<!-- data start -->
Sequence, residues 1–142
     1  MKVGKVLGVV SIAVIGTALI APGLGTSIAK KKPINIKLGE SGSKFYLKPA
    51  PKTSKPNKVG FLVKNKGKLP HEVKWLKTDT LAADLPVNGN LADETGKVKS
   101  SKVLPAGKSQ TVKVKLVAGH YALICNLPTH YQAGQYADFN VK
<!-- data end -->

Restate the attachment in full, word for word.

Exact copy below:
Sequence, residues 1–142
     1  MKVGKVLGVV SIAVIGTALI APGLGTSIAK KKPINIKLGE SGSKFYLKPA
    51  PKTSKPNKVG FLVKNKGKLP HEVKWLKTDT LAADLPVNGN LADETGKVKS
   101  SKVLPAGKSQ TVKVKLVAGH YALICNLPTH YQAGQYADFN VK